The circuit, by virtue of the elecrtostrictive transducer 12 and operation at a frequency which is above antiresonance, reflects itself as a predominantly capacitive load on the switching transistor 34. Omitting the saturable reactor 32, and referring to FIGURES 2 and 3 in particular, it will be seen that the main current flows from the collector electrode to the emitter electrode. The voltage V existing between the collector and emitter electrodes is indicated by the solid curve 50 in FIGURE 3. As the voltage V attains a predetermined forward value, the feedback signal triggers the transistor for current conduction and the saturation voltage of the transistors is attained as shown by the notation SAT. The descending line 51 shows the decrease of the voltage V to the saturation voltage, requiring a time interval At. 'It may be noted, however, that due to the capacitive nature of the load circuit, the current leading the voltage, current 1,, is conducted through the transistor prior to the saturation voltage being attained. Since the power dissipation is the product of voltage and current, with the conditions shown in FIGURES 2 and 3, there exists in the transistor 34 the dissipation of power prior to the saturation voltage being attained and the power dissipation subsequent thereto as is indicated by the respectively cross-hatched areas. The current conduction prior to the reaching of saturation voltage hastwo adverse effects. Firstly, the drop of the voltage V to the saturation voltage is delayed and, secondly, the power dissipation prior to the reaching of saturation voltage may exceed the permissible peak power dissipation. This dissipation must be added to the loading of the transistor and reduces the switching power capability of the transistor.

An improved circuit is shown in FIGURES 4 and 5. A saturable reactor 32, specifically a self-saturating reactor, is connected in series with the transistor emitter and collector electrodes. The purpose of the reactor 32 is to momentarily delay the current conduction through the transistor 34, permitting the transistor to reach the saturation voltage before appreciable current conduction occurs. The voltage existing initially between the collector and emitter electrodes V is shown by the line 53. The descent of this voltage to the saturation voltage (SAT) is depicted by the line 54, and it should be noted that, due to the absence of current flow, this descent occurs much more rapidly than that in FIGURE 3. It should be noted also that after the saturation voltage is reached there exists a time delay t before a substantial amount of current L, flows through the transistor so that the transistor has only negligible power dissipation until after the saturation voltage has been reached. In this way, the dissipation of power by the transistor prior to its reaching of the saturation voltage is substantially eliminated and the same transistor can be used to conduct a larger amount of load current, thus obtaining a better utilization. Also, since a more rapid drop of the voltage V to the saturation voltage level is achieved, the transistor 34 may be used at higher switching rates as is desirable in the above described application.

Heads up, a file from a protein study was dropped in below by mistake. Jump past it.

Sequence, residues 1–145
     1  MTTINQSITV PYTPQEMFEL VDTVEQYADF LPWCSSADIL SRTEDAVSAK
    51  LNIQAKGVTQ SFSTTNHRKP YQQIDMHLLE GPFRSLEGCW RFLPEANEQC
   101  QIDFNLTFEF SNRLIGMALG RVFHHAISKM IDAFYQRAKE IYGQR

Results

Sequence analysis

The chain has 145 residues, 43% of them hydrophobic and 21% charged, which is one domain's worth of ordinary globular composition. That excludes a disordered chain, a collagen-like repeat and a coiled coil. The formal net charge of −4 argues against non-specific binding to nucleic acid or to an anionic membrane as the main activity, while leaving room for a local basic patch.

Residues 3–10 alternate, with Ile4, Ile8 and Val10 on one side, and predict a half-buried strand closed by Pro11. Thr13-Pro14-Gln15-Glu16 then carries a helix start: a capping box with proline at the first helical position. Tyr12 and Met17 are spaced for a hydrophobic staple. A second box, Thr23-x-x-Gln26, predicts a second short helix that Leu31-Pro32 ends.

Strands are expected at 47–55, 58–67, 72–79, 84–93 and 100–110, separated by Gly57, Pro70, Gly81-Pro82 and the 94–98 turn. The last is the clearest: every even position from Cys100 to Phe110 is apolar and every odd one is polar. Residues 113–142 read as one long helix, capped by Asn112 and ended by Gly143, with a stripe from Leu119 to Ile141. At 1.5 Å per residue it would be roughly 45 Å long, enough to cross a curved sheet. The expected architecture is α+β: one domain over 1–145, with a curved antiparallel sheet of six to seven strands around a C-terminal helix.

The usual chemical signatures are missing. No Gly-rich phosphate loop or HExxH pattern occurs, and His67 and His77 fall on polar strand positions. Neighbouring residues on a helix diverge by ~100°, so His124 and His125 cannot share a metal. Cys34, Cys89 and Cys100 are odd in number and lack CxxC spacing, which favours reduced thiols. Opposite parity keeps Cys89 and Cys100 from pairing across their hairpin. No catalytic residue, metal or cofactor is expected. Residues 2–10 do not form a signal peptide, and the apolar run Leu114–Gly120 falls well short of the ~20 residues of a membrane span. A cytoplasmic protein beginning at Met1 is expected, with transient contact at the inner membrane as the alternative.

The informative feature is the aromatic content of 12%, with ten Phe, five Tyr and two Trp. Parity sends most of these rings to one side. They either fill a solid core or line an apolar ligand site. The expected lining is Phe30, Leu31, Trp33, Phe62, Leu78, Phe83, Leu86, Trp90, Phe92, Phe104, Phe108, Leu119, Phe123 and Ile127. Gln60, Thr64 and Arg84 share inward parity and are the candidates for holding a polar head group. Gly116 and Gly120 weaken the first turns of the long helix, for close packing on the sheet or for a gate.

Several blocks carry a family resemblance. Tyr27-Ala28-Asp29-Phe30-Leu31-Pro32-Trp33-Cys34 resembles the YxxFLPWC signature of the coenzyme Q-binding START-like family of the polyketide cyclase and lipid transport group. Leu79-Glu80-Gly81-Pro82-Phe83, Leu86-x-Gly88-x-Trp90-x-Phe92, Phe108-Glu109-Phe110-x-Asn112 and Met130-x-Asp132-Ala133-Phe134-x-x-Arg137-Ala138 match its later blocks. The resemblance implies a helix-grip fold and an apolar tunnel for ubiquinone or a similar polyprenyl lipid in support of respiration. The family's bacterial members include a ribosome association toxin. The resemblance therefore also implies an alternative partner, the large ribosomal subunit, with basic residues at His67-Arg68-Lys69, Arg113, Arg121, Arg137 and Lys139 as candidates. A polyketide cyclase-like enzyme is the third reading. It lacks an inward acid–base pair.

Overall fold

In a typical example it has been found that the turnon time in FIGURE 3 which is the time interval At, is in the order of 1 to 3 microseconds, whereas in the circuit per FIGURE 5 such time interval is less than one-half microsecond. Typical frequency of the circuit was 42.1 kHz., the transistor 34 being operated at a fifty percent duty cycle. The self-saturating reactor 32 was made by winding four turns of wire on an E-core Ferrite material RO3 obtained from the Allen-Bradley Company of Milwaukee, Wis. This core has a substantially square loop magnetic characteristic so that the reactor initially provides a circuit impedance, but once the core is saturated only the direct current resistance remains which does not upset tuning of the circuit, as would be the case if a linear inductance were used. Typical current conduction was 10 to 12 amperes peak.